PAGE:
Johnston returned to the deck, climbed to the top of the casemate, took down the Confederate flag, and ordered the ironclad's engines stopped. The captain later wrote, "I then decided . . . with almost a bursting heart, to hoist the white flag." At 1000, he raised the surrender flag to where the Confederate banner had proudly flown.40
The Battle's Aftermath
The next day, Farragut officially thanked the West Gulf Blockading Squadron's officers and men for their "gallant conduct," noting their "courage and cheerfulness" against a well-prepared enemy. Including the men lost when the Tecumseh went down, Union casualties were 315 dead or wounded, while the Confederates suffered only 31 killed or wounded.41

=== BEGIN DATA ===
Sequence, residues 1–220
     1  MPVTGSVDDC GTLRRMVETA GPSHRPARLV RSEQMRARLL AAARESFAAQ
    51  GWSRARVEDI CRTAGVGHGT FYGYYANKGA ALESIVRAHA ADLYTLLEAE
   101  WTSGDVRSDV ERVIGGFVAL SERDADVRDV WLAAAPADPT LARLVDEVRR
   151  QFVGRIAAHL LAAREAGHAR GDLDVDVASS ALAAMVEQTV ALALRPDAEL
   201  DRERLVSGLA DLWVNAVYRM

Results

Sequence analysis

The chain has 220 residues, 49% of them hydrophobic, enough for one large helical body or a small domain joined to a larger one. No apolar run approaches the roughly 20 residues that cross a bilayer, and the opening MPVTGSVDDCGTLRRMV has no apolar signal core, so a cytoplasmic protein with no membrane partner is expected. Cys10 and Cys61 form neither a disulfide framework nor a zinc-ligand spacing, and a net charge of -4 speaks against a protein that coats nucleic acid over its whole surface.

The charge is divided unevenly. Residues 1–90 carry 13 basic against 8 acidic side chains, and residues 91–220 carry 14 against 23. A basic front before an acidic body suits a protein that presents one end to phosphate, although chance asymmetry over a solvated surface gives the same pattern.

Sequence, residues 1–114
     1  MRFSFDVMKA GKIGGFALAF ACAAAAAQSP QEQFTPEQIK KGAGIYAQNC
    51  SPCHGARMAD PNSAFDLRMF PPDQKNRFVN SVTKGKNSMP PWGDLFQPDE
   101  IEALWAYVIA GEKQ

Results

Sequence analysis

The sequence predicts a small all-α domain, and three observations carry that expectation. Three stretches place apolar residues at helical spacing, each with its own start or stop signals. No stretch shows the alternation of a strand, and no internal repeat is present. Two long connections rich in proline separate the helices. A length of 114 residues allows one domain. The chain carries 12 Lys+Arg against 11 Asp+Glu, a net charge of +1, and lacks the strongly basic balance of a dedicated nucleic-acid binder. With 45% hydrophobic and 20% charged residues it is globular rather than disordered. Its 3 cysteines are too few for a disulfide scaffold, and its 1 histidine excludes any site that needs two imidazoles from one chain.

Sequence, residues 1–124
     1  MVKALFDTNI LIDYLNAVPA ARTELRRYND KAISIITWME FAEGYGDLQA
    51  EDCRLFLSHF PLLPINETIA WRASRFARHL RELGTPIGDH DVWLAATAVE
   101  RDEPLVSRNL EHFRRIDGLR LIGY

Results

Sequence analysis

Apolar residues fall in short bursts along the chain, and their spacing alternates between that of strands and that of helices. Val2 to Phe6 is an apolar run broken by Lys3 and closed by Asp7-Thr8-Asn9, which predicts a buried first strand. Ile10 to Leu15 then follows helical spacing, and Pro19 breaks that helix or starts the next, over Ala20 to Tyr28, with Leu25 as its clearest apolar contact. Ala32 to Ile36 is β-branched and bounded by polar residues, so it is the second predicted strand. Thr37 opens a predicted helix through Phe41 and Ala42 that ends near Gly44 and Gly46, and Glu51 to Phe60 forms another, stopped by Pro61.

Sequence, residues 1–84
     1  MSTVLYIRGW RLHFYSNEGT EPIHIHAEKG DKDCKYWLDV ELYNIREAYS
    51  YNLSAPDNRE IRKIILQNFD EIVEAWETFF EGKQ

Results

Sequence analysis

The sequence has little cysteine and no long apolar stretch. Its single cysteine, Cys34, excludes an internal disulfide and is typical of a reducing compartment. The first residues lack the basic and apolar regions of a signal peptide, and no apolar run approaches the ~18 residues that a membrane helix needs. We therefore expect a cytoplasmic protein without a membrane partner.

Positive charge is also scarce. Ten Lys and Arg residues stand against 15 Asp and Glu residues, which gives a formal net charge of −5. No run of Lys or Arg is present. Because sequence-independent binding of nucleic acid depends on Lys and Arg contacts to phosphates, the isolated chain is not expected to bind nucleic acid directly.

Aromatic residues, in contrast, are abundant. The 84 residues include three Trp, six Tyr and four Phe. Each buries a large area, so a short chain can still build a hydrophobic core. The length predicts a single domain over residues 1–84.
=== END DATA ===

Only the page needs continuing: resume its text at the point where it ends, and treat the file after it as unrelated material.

During the night of 5 August, the Confederates evacuated Fort Powell, and on the 8th Fort Gaines surrendered. After more than two weeks of bombardment and siege by Union troops, Fort Morgan surrendered on 23 August. With Mobile Bay in Union hands, the port of Mobile was closed to blockade runners. The city would not fall until April 1865, a few days after General Lee surrendered at Appomattox Court House and long after it had ceased to be useful as a Confederate entrepot.